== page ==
Business Interruption

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Business Interruption

An event that causes a business to relocate or temporarily close. For example, an office may flood and becomes unusable, or a natural disaster may make commerce unfeasible in an entire area. A company may purchase business interruption insurance to guard against losses resulting from this.
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A CHANGING CLIMATE MEANS WEATHER-RELATED BUSINESS INTERRUPTIONS WILL STEADILY INCREASE, MAKING BUSINESS INTERRUPTION INSURANCE ESSENTIAL FOR EVEN THE SMALLEST BUSINESSES.
Both sought insurance coverage for business interruptions. Both were denied coverage.
This may be due to natural disasters such as avian flu, terror threats or other business interruptions such as transport disruption, bad weather, or seasonal events (e.g., student registration).
In the event of a pandemic, Damian Brew, managing director for Marsh in the firm's Financial and Professional Liability practice, would expect to see issues arise from business interruptions due to employee absence, leading to lower revenues and disappointing earnings.
That is, the endorsement usually covers business interruptions that result from physical loss or damage to covered property from a covered peril." (4) Thus, the language of the business interruption endorsement must be read in light of the underlying property damage coverage and the enumerated causes of loss to determine whether a particular interruption will trigger coverage.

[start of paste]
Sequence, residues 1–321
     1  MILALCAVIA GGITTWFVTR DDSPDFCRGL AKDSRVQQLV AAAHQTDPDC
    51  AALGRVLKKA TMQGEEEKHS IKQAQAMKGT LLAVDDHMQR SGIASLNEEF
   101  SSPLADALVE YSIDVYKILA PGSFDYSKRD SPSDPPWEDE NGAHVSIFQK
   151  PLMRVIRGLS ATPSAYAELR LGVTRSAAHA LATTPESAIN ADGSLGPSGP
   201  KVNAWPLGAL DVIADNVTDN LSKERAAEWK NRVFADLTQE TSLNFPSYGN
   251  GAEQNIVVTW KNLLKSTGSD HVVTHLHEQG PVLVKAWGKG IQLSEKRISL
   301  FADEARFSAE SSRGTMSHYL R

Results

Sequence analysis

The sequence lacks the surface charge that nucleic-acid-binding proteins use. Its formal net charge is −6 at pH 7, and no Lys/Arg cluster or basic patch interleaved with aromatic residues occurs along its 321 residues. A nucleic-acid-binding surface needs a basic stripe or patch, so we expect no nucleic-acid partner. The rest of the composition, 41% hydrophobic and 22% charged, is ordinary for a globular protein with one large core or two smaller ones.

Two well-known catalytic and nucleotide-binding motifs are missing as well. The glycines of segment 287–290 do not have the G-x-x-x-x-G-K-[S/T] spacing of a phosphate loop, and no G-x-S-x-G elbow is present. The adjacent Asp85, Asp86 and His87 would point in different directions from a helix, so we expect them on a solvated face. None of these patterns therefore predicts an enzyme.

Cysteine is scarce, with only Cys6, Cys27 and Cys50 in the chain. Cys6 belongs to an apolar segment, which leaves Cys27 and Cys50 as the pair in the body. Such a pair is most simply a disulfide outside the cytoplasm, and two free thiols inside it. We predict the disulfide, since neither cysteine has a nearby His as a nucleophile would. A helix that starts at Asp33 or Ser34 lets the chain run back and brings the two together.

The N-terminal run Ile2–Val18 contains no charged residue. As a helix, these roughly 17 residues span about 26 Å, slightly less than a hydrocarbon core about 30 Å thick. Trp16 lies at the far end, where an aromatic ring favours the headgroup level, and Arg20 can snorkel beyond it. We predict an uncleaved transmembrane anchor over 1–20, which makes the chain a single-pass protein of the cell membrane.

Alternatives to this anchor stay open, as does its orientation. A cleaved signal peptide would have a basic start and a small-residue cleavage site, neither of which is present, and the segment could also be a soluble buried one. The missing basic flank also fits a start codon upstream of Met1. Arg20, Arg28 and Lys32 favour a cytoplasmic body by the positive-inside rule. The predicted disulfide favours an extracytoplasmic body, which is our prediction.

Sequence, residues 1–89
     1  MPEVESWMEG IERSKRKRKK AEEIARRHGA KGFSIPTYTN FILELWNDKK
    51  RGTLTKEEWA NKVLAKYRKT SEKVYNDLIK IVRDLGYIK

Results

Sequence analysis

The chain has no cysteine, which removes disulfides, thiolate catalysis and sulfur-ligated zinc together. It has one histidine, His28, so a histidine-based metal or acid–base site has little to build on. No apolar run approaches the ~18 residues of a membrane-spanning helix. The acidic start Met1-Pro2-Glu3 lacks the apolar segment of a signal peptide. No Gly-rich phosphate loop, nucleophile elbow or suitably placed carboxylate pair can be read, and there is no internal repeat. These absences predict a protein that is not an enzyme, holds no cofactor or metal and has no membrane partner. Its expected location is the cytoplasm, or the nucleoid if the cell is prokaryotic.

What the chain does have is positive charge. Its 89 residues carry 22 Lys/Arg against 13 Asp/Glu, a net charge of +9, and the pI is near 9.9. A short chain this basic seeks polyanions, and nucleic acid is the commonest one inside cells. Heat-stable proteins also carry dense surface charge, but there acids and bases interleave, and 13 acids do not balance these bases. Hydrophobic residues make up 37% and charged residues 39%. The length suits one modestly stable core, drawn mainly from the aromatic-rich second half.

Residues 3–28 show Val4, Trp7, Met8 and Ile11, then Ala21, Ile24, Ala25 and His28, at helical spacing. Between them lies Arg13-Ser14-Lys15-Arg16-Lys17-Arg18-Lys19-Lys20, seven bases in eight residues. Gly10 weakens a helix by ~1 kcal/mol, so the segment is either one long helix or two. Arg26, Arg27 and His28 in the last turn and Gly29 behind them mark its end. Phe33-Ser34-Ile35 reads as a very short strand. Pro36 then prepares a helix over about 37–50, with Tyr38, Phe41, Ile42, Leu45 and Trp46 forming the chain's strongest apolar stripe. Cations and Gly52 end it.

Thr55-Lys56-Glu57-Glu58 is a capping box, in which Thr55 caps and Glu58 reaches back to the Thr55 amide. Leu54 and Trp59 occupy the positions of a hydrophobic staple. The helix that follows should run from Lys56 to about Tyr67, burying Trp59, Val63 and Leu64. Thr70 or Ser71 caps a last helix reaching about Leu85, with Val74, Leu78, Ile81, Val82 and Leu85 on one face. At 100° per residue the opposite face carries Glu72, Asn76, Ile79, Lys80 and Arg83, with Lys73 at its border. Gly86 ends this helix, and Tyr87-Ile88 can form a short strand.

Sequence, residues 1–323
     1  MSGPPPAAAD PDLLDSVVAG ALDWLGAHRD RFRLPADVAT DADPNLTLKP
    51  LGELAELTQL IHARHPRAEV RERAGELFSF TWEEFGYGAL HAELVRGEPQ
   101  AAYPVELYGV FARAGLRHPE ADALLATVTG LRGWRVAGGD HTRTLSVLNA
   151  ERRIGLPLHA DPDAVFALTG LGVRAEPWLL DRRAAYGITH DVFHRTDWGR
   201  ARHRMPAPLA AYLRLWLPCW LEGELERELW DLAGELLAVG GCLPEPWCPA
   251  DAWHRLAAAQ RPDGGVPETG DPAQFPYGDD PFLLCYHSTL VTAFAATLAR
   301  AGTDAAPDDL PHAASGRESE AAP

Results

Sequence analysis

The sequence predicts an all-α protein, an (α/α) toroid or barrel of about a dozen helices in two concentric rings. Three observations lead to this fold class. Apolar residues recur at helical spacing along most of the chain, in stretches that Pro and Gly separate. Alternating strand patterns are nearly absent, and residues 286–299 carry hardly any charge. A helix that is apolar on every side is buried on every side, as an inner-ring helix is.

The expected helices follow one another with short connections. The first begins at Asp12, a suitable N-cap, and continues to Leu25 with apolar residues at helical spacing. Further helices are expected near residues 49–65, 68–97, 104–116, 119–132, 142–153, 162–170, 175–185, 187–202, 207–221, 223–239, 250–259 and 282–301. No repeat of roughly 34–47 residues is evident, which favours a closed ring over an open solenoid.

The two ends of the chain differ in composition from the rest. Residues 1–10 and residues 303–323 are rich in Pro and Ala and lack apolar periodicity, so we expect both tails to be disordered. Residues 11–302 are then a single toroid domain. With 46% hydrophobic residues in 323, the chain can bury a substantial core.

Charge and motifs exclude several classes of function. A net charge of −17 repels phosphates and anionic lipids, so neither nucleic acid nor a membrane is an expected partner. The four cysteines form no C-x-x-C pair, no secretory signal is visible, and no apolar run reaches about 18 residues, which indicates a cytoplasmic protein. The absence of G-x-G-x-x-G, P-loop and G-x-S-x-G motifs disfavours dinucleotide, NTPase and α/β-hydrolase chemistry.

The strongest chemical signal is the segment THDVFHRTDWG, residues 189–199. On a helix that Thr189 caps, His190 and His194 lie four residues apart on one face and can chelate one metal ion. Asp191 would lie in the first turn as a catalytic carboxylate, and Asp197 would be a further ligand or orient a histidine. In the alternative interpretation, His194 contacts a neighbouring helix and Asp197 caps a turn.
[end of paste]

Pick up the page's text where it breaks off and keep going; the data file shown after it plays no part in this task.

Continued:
While business interruptions can be triggered by a range of events, electric power interruptions are responsible 70% of the time, according to one source.
The article proclaims that "by waiving your company's rights to loss recoveries in exchange for lower prices on contracts-- typically for construction projects, maintenance work, leases and equipment purchases--you face the prospect of deductibles and uninsured losses, business interruptions and cost overruns, as well as longterm premium increases and legal repercussions, not to mention the potential for damage to corporate reputation and lost market share.
Two other industry texts, discussing standard forms using the language "necessary suspension," have acknowledged that coverage exists for partial business interruptions. Rodda, Trieschmann, Wiening and Hedges in "Commercial Property Risk Management and Insurance" (the text for CPCU 3), VoL I, p.
Medaska says small companies are probably the most vulnerable to business interruptions because they don't have the financial base to absorb disruptions for very long.
The Assurex survey found that more than 21% of large employers' systems have been victims of outside hackers, with 15% reporting such attacks resulting in business interruptions lasting from two hours to two days.
They are modelers who specialize in catastrophe assessment and those who advise companies to manage through unexpected crises, or business interruptions.
Even if we do everything right, our systems can be contaminated by outsiders that aren't 2000-compliant and whose faulty data can cause costly business interruptions.

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